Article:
While renewed calls for the NFL to oust Washington Commanders owner Daniel Snyder surfaced this week, the same obstacle remains: 24 owners would have to vote to remove Snyder, a move that has never happened in the league’s 102-year history, and one that would likely spawn antitrust litigation.
The prospective ouster of Snyder, who has been accused of sexual misconduct and negligently supervising Commanders executives, has been a recurring topic in recent years. It drew new headlines on Tuesday at the NFL owners meetings in New York, when Indianapolis Colts owner Jim Irsay said, “I believe there is merit to removing him as owner of the [Commanders] … there’s consideration that he should be removed.” Irsay’s remark fell short of advocating for Snyder’s removal, but he implied the topic warrants further discussion.
Snyder, however, is a beneficiary of the league’s constitution, a legal document that governs the relationship between owners and the NFL. Although the constitution contemplates removal of an owner, it makes that outcome extremely difficult to achieve. This is intentional. Owners are accorded certainty that they cannot be ousted from their franchises absent extraordinary and, to date, unprecedented circumstances.
If the NFL decided Snyder should be removed, it would need to build a case that he engaged in conduct detrimental and that the appropriate penalty is not a fine or suspension, but expulsion. A written brief and accompanying exhibits would lay out the arguments. The NFL would likely rely on findings by Mary Jo White, the former chair of the U.S. Securities and Exchange Commission who has investigated Snyder and the Commanders. The league, mindful that it needs to justify expulsion as the suitable penalty, would argue that Snyder’s misconduct has caused more harm than other owners’ misconduct. To that end, the NFL could cite the high-profile Congressional investigation into the team and Snyder, who went to great efforts to avoid cooperating and left Goodell to fill the gap.
Snyder would have 15 days to answer the charge. Goodell would then schedule a special meeting, where he would preside over a quasi-trial or arbitration (unless Goodell is also the complainant, in which case owners would pick someone else to preside). Owners would function as de facto jurors, league officials/attorneys as de facto prosecutors and Snyder the de facto defendant. None of this would be public, though there’s a high likelihood of leaks to journalists.
Snyder would have counsel and can rebut the accusations. Snyder could also insist that even if his conduct warrants punishment, expulsion would be an excessive and unlawful penalty under the NFL’s own policies. There, Snyder could refer to other owners’ misconduct—ESPN recently reported he has hired private investigators to research other owners although Snyder called the report is “false” and “malicious”—and argue that various things they’ve been accused of didn’t lead to an expulsion. The discussion could prove embarrassing for some owners, especially given the high risk of media leaks.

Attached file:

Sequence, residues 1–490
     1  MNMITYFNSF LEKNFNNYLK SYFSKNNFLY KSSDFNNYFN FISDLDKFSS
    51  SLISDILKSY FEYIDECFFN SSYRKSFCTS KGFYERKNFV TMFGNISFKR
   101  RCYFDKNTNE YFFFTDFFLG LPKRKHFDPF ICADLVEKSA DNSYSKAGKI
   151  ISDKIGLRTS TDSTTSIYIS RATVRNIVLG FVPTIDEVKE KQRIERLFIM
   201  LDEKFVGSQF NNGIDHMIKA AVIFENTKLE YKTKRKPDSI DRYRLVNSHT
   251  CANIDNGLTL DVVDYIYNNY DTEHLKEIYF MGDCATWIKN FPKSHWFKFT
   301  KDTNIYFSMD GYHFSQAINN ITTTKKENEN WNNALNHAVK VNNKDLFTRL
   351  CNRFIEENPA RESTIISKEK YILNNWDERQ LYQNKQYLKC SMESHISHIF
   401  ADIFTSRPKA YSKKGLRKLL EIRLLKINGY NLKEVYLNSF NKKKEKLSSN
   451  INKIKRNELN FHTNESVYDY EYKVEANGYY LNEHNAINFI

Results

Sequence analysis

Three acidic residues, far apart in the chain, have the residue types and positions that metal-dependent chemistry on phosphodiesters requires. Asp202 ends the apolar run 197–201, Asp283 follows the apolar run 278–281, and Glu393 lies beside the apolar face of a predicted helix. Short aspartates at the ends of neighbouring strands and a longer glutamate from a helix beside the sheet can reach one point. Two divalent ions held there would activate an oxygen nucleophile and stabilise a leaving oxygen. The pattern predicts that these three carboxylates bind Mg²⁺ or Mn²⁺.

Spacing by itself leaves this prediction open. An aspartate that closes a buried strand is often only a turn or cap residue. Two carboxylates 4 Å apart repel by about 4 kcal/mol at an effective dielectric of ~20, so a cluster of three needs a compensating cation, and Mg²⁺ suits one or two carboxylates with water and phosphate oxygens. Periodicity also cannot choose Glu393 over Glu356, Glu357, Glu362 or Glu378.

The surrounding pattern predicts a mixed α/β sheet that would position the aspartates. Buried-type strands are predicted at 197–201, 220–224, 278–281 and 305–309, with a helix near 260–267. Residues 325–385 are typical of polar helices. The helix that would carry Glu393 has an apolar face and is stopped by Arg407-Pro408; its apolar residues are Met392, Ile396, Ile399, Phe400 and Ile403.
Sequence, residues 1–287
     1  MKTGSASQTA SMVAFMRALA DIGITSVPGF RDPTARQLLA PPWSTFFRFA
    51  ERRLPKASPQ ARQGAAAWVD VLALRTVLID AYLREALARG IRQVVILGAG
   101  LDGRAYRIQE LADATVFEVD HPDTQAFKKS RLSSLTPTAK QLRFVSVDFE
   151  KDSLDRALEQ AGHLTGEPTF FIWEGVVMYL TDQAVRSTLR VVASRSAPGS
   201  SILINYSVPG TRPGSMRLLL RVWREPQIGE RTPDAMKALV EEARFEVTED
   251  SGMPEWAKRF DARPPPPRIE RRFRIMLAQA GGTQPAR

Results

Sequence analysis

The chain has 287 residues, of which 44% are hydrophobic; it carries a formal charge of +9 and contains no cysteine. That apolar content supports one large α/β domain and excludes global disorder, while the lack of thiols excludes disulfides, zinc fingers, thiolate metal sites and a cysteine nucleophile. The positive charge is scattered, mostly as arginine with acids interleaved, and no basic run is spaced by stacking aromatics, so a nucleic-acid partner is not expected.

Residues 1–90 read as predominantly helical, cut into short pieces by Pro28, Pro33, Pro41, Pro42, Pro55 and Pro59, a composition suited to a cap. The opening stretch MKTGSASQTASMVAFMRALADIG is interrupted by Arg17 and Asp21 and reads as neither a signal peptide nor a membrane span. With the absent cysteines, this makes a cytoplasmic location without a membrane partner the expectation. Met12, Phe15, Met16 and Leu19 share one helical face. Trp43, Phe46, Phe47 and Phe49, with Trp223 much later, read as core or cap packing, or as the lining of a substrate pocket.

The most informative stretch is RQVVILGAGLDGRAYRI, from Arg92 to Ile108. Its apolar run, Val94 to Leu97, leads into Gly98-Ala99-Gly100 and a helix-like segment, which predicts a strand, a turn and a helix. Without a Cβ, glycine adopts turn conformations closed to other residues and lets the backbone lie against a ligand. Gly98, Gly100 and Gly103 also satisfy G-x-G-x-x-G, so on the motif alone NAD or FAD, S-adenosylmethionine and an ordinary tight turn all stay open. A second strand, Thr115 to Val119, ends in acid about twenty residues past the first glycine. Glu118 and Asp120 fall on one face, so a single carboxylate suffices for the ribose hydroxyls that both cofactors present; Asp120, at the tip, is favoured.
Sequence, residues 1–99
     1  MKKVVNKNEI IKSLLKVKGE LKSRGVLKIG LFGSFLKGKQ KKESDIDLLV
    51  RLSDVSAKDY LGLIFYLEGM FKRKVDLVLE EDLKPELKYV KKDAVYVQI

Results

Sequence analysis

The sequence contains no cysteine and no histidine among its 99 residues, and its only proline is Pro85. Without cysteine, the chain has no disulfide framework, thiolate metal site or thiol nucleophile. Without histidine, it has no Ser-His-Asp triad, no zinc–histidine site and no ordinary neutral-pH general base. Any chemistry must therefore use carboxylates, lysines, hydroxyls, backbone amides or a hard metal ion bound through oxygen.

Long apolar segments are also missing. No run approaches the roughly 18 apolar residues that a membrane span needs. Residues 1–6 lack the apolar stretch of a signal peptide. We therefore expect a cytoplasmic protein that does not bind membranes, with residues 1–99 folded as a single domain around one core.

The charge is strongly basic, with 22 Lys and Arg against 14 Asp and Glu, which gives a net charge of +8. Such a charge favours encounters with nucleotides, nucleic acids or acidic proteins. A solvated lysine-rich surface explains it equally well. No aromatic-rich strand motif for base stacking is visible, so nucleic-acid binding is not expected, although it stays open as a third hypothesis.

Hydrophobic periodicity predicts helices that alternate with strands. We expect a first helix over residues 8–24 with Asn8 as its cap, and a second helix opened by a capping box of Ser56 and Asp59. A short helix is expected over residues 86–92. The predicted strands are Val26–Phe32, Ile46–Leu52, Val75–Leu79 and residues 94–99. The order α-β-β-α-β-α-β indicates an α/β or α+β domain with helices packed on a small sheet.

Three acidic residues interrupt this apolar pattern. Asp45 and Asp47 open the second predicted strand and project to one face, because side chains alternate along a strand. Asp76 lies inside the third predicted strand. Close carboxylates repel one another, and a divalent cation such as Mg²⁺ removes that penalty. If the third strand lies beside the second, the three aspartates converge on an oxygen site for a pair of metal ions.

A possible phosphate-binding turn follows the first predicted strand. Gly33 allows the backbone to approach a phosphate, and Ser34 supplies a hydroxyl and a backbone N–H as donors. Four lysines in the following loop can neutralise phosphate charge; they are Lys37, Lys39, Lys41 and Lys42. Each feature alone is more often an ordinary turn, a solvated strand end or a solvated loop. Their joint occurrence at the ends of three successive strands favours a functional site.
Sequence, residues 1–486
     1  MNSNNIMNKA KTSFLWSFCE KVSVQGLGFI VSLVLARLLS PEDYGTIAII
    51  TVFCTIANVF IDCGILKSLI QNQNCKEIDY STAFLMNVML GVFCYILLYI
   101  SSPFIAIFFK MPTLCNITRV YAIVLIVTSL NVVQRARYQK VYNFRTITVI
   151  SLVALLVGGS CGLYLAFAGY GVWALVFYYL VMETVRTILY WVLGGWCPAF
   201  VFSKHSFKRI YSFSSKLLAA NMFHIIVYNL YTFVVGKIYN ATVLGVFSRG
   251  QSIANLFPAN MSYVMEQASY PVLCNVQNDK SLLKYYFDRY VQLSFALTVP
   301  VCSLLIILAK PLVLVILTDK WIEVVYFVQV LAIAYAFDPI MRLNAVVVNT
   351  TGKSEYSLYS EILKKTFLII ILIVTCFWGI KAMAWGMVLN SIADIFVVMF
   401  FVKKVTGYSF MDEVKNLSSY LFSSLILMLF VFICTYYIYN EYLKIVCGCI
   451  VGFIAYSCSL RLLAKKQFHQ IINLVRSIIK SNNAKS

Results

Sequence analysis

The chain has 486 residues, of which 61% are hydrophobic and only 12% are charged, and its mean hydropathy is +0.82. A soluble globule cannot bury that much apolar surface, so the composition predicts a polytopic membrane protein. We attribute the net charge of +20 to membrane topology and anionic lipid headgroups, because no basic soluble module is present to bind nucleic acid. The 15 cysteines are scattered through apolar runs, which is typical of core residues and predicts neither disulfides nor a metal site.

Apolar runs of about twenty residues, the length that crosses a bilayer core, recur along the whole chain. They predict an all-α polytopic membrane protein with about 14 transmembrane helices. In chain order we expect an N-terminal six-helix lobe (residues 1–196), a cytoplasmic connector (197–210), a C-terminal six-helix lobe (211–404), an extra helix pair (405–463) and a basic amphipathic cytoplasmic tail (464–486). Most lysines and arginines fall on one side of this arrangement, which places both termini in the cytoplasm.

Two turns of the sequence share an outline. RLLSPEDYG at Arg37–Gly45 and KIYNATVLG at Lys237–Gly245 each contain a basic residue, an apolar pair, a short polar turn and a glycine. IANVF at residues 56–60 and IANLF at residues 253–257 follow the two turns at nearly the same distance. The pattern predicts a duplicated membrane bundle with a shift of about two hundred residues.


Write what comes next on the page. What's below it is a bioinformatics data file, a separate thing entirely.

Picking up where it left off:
Snyder would want to frame the NFL as acting arbitrarily, in that if it didn’t penalize other owners by expulsion, it’s illogical for the league to punish Snyder that way. Snyder could also argue that he was deprived of adequate notice. He saw other owners not lose their teams despite their misdeeds, so he didn’t know he could lose his team for similar bad acts.
In addition to potential exposure, owners might worry about the precedent being set. Once one owner is expelled, some might worry they could be next. There might not be an obvious limiting principle.
If 24 or more owners nonetheless voted to sustain the charge, the outcome would be “final, conclusive and unappealable” under the league’s constitution. Snyder would then have 120 days to sell the team. If Snyder refuses, the NFL could turn to arbitration to set a price. In a sale, Snyder would be paid the proceeds less legal expenses incurred by the league in charging him.
But Snyder almost certainly wouldn’t accept that outcome. He could seek a restraining order and sue on antitrust grounds. Snyder would argue owners conspired against him to force a sale that was unwarranted under the constitution’s standards. The dispute could remain in the courts for months or years, especially given the financial wherewithal of Snyder and the NFL to engage in long-term litigation.
A far more likely outcome: The NFL continues to live with Snyder, and he eventually sells the team at a time of his choosing.